Year by year study of the life and written works of 1907 Nobel Prize Winner, Rudyard Kipling (1865 - 1936)< read all 1 reviews
Four months ago, March 08, 2012 I sent lunch.com the first of three reviews showcasing 1907 Nobel Prize winner Rudyard Kipling as a pioneer science fiction writer:
I followed that up March 23 with
Then came on June 17
Be it known that I consider
the "Forbidden Planet" niche of lunch.com the premier internet home of great SciFi reviewing. I hope that my three earlier reviews have convinced you of Kipling's SciFi credentials. If not, read this fourth review of Kipling as SciFier for some other reason, please!
Joseph Rudyard Kipling is, I grant you, not thought of primarily as a science fictioneer as is, for instance, Poul Anderson or Ray Bradbury. But the fact is that a sixth of Kipling's publshed fiction spreads across the spectrum of FANTASY......SCIENCE FICTION.....FUTUROLOGY. For examples, see my three earlier reviews mentioned above.
Today let me share with you some nuggets from the first family-authorized biography of our renowned SciFier and Nobel Prize winner -- 1955's RUDYARD KIPLING: HIS LIFE AND WORK by Charles Edmund Carrington. You may already know some of Carrington's biographical and historical writing on such persons as Lawrence of Arabia and on the rock of Gibraltar.
If ever a writer rooted his written work in his own life as lived, remembered and imagined, it is Bombay-born writer Rudyard Kipling. Carrington says there are four geographic points on which Kipling's life is gridded:
in the East -- India,
in the West -- the USA (where he lived for four years after 1892, married to American Caroline "Carrie" Balestier and where the Kiplings had their first two of three children),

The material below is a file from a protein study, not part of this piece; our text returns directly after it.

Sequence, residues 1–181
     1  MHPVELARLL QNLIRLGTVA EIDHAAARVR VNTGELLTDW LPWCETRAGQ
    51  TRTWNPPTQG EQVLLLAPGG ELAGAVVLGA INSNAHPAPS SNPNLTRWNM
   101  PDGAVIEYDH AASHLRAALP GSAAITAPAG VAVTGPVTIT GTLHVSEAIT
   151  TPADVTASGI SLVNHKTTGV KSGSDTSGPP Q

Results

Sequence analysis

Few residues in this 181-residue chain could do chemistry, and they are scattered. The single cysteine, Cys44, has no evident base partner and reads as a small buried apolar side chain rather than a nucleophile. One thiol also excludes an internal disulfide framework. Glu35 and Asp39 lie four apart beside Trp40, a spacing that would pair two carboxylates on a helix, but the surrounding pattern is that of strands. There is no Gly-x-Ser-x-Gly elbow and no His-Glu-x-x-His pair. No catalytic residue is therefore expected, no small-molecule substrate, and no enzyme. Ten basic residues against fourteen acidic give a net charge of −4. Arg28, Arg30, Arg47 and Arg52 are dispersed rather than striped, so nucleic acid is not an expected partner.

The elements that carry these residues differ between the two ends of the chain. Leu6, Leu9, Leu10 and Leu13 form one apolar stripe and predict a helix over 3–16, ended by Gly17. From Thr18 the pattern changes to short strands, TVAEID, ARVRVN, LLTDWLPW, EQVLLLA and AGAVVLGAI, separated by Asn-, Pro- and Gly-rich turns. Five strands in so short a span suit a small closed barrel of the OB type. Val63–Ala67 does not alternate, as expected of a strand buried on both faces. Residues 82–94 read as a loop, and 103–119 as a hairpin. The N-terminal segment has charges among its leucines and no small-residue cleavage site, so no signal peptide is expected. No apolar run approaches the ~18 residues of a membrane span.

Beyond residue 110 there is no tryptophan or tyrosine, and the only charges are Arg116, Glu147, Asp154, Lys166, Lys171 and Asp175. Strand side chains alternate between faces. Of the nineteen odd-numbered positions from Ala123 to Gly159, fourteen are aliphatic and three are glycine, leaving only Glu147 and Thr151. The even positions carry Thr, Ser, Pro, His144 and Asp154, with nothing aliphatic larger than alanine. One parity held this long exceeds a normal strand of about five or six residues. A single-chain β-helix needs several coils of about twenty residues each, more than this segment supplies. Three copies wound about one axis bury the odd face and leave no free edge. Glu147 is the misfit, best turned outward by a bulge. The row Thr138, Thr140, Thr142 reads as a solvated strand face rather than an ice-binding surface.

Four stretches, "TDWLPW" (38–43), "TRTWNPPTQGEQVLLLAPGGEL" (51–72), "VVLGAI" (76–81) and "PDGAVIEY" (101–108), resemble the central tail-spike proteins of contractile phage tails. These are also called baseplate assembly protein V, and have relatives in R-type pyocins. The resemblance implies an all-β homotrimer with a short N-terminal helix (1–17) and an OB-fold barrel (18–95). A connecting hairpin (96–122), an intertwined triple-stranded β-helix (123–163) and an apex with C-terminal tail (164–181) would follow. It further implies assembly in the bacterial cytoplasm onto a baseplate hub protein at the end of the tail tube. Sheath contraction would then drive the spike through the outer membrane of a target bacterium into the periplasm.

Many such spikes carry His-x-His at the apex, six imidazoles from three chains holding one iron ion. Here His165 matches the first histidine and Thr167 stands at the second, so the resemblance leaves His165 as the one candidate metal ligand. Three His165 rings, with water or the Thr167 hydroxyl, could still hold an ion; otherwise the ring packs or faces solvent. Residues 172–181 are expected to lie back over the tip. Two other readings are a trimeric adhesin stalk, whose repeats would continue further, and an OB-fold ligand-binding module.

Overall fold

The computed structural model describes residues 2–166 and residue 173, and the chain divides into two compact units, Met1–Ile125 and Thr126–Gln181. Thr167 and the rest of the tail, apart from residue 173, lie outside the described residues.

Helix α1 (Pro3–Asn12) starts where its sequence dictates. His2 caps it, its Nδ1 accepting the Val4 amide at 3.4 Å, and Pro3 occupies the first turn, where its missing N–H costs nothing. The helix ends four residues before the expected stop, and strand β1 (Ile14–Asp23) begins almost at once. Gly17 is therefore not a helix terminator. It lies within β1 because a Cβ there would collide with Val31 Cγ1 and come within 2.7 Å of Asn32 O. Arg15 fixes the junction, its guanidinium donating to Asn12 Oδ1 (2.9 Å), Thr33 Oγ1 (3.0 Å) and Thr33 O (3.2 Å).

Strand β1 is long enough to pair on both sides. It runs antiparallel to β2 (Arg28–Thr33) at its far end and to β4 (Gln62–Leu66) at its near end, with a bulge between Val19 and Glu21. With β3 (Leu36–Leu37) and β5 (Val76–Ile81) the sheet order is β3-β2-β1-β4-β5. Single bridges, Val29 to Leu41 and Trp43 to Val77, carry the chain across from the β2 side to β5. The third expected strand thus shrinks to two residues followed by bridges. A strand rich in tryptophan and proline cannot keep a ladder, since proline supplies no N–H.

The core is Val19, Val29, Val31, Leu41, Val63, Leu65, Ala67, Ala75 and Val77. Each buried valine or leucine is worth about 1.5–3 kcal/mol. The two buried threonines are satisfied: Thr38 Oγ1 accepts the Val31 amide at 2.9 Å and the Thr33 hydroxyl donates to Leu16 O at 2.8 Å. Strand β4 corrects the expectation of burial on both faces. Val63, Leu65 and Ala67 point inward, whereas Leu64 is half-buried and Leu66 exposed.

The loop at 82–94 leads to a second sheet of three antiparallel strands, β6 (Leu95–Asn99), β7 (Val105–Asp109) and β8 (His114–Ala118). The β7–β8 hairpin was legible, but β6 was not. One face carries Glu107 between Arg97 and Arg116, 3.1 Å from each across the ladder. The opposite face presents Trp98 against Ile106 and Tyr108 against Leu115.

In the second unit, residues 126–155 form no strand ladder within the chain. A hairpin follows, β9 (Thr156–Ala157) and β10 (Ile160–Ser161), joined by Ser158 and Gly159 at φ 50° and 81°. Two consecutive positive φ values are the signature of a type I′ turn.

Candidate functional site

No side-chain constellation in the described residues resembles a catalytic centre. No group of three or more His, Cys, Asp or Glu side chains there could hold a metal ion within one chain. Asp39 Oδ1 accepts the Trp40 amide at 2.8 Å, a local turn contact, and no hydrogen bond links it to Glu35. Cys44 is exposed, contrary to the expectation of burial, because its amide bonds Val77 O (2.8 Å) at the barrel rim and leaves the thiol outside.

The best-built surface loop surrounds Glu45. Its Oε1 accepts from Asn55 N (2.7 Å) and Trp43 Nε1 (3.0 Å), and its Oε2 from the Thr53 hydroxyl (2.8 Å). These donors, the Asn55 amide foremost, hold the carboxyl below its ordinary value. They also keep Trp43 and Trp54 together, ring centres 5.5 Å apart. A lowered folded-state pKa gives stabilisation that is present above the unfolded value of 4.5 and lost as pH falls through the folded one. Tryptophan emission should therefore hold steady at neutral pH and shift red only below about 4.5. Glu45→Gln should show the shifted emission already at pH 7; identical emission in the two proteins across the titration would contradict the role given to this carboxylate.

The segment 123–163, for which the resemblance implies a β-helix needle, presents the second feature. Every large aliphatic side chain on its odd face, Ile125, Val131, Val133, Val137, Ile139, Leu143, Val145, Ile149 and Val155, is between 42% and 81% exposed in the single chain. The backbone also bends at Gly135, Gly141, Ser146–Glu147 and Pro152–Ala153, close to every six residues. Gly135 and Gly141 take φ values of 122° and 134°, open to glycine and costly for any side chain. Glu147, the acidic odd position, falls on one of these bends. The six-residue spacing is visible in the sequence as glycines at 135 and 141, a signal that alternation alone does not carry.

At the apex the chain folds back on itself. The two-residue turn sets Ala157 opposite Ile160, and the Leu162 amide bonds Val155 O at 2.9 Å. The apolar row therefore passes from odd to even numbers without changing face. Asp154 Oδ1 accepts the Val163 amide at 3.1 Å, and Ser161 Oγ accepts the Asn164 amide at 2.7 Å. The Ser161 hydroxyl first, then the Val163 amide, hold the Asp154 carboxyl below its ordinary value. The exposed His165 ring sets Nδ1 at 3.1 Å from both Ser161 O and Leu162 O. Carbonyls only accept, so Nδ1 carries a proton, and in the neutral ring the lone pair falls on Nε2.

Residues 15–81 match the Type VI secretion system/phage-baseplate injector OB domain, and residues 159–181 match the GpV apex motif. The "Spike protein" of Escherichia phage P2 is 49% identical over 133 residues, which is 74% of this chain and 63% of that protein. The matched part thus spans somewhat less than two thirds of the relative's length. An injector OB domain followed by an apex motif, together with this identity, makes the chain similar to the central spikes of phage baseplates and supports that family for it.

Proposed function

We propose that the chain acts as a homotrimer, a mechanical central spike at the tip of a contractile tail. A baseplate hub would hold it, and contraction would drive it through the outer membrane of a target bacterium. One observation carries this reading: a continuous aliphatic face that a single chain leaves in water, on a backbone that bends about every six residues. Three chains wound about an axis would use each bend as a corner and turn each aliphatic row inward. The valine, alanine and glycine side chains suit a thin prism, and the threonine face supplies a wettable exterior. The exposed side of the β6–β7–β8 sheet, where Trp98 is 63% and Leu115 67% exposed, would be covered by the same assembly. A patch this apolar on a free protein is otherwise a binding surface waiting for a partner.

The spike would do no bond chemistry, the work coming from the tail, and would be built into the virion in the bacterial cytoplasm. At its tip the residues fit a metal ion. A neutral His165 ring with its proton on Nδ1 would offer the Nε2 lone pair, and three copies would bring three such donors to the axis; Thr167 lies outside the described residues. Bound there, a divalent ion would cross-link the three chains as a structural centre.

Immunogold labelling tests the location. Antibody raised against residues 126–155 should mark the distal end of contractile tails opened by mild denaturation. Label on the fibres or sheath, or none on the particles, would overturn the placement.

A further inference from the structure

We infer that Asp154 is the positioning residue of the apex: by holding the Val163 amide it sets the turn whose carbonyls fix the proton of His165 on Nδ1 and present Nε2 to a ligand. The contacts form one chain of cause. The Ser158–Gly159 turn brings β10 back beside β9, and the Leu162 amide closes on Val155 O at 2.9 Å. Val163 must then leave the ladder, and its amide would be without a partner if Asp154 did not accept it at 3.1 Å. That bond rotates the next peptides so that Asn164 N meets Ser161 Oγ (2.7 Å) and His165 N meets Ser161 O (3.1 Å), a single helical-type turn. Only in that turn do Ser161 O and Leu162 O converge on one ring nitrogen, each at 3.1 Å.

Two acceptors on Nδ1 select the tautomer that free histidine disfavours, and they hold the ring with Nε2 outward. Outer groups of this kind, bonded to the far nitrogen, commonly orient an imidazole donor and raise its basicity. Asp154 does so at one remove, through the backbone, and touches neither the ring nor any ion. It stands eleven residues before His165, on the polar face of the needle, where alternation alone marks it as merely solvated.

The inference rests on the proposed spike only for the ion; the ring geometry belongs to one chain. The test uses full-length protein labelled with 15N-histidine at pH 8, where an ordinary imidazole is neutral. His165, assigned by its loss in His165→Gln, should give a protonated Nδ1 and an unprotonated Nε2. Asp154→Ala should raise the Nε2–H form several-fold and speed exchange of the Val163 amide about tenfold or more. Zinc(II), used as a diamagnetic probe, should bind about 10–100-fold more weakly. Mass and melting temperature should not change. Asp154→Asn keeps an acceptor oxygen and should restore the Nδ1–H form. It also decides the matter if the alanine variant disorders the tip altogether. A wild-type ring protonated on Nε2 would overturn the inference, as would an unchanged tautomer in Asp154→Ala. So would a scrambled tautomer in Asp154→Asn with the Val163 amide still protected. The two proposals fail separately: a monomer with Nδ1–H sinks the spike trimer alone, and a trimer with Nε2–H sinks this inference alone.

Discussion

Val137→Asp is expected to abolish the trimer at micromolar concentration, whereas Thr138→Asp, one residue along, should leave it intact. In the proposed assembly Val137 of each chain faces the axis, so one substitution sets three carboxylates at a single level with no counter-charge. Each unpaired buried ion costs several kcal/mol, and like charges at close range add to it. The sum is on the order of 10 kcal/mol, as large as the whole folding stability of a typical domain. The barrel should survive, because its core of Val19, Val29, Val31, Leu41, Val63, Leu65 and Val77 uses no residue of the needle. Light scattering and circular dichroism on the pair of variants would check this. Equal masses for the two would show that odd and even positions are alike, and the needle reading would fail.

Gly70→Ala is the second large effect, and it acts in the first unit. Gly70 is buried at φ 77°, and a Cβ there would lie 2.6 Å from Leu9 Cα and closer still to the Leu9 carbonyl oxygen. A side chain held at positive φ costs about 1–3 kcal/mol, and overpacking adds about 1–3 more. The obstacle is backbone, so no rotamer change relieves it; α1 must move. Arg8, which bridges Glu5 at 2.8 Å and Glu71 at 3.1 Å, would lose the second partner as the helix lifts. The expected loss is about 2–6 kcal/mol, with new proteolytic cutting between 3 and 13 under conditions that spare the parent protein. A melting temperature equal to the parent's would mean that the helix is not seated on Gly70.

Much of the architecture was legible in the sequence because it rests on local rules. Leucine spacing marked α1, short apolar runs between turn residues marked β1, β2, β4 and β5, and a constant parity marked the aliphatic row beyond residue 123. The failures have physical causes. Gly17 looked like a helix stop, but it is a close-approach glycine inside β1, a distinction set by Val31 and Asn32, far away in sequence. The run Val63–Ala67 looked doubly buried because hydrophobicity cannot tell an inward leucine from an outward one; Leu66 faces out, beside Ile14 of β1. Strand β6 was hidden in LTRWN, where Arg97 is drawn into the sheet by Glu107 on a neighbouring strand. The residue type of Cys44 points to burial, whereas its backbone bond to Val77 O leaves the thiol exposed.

in the North -- the United Kingdom (especially Southsea, public school at Westward Ho! on the north Devon coast and his dream home at "Bateman's" in Sussex) and, what may surprise you in the South
-- Capetown and South Africa where he spent close to ten English winters and did journalistic work during the Boer War.
Kipling's first five years were spent in Bombay, India where he was born December 30, 1865. There he learned to speak Hindustani before English and heard from his baby ayah and his man servant tales of talking animals, gods like Ganesha and Kali, beliefs of Islam, Christianity, Buddhism and Hinduism. Later during seven journalistic years (age 16 - 23) first in Muslim Lahore and later in Hindu Allahabad (yes, Hindu majority despite the city's Muslim name) he supervised 170 Indian newspaper workers, prowled day and night among the little people of India, both native and white, and learned to speak the language of the common man. He learned much from his father, curator of the Lahore museum and a great student of Indian and Tibetan buddhism.